Approximately 164,690 new cases of prostate cancer will be diagnosed in the United States during 2018 and about 29,430 will die from the disease. About 1 man in 9 will be diagnosed with prostate cancer during his lifetime, making it the most common non-skin malignancy in men. It is responsible for more deaths than any other cancer, except lung cancer.
By age 50, about one-third of American men have microscopic signs of prostate cancer. By age 75, half to three-quarters of men will have some cancerous changes in their prostate glands. Most of these cancers remain latent, producing no signs of symptoms, or are so indolent, or slow-growing, that they never become a serious threat to health.
A much smaller number of men will actually be treated for prostate cancer. Survival rates have increased dramatically over the years. About 16 percent of American men will be diagnosed with prostate cancer during their lives; 8 percent will develop significant symptoms; and 3 percent will die of the disease. The 15-year relative survival rate is 96%.
What is Prostate Cancer?
Prostate cancer is a disease in which malignant (cancer) cells form in the tissues of the prostate. The prostate is a gland in the male reproductive system located just below the bladder and in front of the rectum. It is about the size of a walnut and surrounds the urethra (the tube that empties urine from the bladder). The prostate gland produces fluid that makes up part of the semen.
Warning Signs and Risk Factors
Warning signs of prostate cancer may not be evident until the later stages of prostate cancer. However, if you have general urinary symptoms (such as difficulty or frequent urinating), erectile dysfunction or severe pain in the back/hips/chest, those are symptoms of prostate cancer that should be evaluated by your healthcare provider. Symptoms of prostate cancer may be similar to those of BPH, a non-cancerous condition that occurs due to an enlarged prostate gland.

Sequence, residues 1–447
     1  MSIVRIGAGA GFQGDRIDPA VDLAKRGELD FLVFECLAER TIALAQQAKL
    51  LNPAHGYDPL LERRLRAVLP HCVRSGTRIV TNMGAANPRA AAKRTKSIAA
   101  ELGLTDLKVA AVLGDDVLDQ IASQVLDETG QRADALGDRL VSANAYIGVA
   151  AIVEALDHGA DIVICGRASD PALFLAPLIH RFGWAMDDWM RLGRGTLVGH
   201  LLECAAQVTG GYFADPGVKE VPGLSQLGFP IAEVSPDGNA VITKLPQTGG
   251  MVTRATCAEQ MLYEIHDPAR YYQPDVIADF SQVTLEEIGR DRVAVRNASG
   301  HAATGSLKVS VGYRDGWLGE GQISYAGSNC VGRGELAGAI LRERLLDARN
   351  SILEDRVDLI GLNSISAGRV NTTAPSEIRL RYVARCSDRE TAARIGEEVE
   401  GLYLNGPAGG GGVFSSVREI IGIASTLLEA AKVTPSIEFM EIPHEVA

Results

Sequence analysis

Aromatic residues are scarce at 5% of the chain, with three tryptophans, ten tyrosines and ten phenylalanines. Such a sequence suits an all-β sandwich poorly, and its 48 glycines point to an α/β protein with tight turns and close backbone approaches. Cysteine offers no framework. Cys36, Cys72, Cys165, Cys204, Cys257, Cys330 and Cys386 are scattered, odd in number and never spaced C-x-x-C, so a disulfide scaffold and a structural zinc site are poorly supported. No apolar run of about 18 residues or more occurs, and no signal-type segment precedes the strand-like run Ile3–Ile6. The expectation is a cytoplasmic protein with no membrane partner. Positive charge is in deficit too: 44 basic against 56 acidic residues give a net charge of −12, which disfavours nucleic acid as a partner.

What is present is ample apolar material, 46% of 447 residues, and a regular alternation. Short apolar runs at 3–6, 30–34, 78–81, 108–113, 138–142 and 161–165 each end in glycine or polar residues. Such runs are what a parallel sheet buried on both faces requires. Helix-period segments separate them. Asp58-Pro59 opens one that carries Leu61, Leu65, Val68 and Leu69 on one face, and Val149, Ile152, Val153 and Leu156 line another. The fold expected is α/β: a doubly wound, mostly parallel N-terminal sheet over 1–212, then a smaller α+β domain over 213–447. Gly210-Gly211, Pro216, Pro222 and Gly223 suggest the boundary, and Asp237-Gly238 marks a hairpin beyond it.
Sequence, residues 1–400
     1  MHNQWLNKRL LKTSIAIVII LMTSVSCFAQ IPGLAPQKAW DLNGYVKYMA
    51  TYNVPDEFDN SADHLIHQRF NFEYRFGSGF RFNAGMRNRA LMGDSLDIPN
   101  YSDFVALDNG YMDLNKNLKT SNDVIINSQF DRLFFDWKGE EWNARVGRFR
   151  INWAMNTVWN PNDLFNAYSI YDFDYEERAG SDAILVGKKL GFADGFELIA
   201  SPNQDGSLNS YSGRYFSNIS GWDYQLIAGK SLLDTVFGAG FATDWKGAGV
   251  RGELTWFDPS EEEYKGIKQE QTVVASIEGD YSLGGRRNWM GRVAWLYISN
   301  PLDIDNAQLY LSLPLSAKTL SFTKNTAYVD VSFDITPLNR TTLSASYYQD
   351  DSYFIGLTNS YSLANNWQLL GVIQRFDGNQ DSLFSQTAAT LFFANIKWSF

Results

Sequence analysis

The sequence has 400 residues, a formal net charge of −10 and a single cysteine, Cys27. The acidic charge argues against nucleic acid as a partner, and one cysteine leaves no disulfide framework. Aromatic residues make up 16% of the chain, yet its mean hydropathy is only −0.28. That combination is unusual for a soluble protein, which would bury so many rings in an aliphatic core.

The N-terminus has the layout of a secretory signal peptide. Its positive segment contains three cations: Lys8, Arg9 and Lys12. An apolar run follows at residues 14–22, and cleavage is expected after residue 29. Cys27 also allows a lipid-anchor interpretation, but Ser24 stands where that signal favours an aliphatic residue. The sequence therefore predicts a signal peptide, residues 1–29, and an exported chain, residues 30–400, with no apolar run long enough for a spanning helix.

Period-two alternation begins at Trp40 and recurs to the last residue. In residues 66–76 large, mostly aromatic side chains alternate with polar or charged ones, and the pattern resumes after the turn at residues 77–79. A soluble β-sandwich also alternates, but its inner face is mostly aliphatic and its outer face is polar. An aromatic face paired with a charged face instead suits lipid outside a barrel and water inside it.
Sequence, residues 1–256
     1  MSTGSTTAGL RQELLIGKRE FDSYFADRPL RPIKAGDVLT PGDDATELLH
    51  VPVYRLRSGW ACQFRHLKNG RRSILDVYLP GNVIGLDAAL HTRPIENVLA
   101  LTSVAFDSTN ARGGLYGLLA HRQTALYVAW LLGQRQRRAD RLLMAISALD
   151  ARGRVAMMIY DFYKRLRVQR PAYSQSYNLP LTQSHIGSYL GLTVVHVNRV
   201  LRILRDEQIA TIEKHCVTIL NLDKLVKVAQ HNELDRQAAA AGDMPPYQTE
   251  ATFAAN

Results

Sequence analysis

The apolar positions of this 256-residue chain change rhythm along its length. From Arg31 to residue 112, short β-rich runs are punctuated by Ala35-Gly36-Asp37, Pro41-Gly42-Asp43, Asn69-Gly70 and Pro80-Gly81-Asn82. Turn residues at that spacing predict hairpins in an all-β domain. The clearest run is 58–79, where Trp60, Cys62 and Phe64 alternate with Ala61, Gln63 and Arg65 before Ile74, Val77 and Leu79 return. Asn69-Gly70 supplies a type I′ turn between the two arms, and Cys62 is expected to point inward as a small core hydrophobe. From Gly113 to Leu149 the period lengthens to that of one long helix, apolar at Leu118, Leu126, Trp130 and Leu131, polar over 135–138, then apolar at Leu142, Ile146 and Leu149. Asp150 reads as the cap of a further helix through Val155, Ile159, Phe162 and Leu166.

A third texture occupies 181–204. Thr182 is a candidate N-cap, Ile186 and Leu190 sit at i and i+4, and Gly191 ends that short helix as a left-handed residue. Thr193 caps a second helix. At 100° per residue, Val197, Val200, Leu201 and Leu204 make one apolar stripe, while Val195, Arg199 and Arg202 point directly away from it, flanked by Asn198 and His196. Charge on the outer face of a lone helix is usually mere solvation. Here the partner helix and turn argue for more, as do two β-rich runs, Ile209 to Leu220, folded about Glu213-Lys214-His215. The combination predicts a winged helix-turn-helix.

The causes of prostate cancer are largely unknown. It is clear that the chances of developing prostate cancer increase in men over 50. Close relatives of men who have had prostate cancer are also more likely to be affected. Ethnic origin appears to play a part: African-American men seem to be at highest risk, and men of Far Eastern descent at the lowest.
After a diagnosis of prostate cancer, a man and his family face several choices regarding treatment. Decisions involve many factors, personal as well as medical. Before making these decisions, it is very important to learn about all the options available. With this knowledge, a newly diagnosed prostate cancer patient can participate more confidently with his doctor in planning his individual treatment.
Treatment options and prognosis depend on the stage of the cancer, the Gleason score, and the patient’s age and general health. With greater public awareness, early detection is on the rise and mortality rates are declining. New advances in medical technology enable cancer patients to go on to live active and productive lives after their treatment.
Treatment options for prostate cancer include:
- Observation/watchful waiting
- Surgical options
- Hormonal therapy
- Radiation therapy
Community Has the Answers
Urologists work closely with Community's certified cancer care specialists during prostate cancer treatment. Call 800-777-7775 for a referral to a urologist or cancer physician at Community Health Network.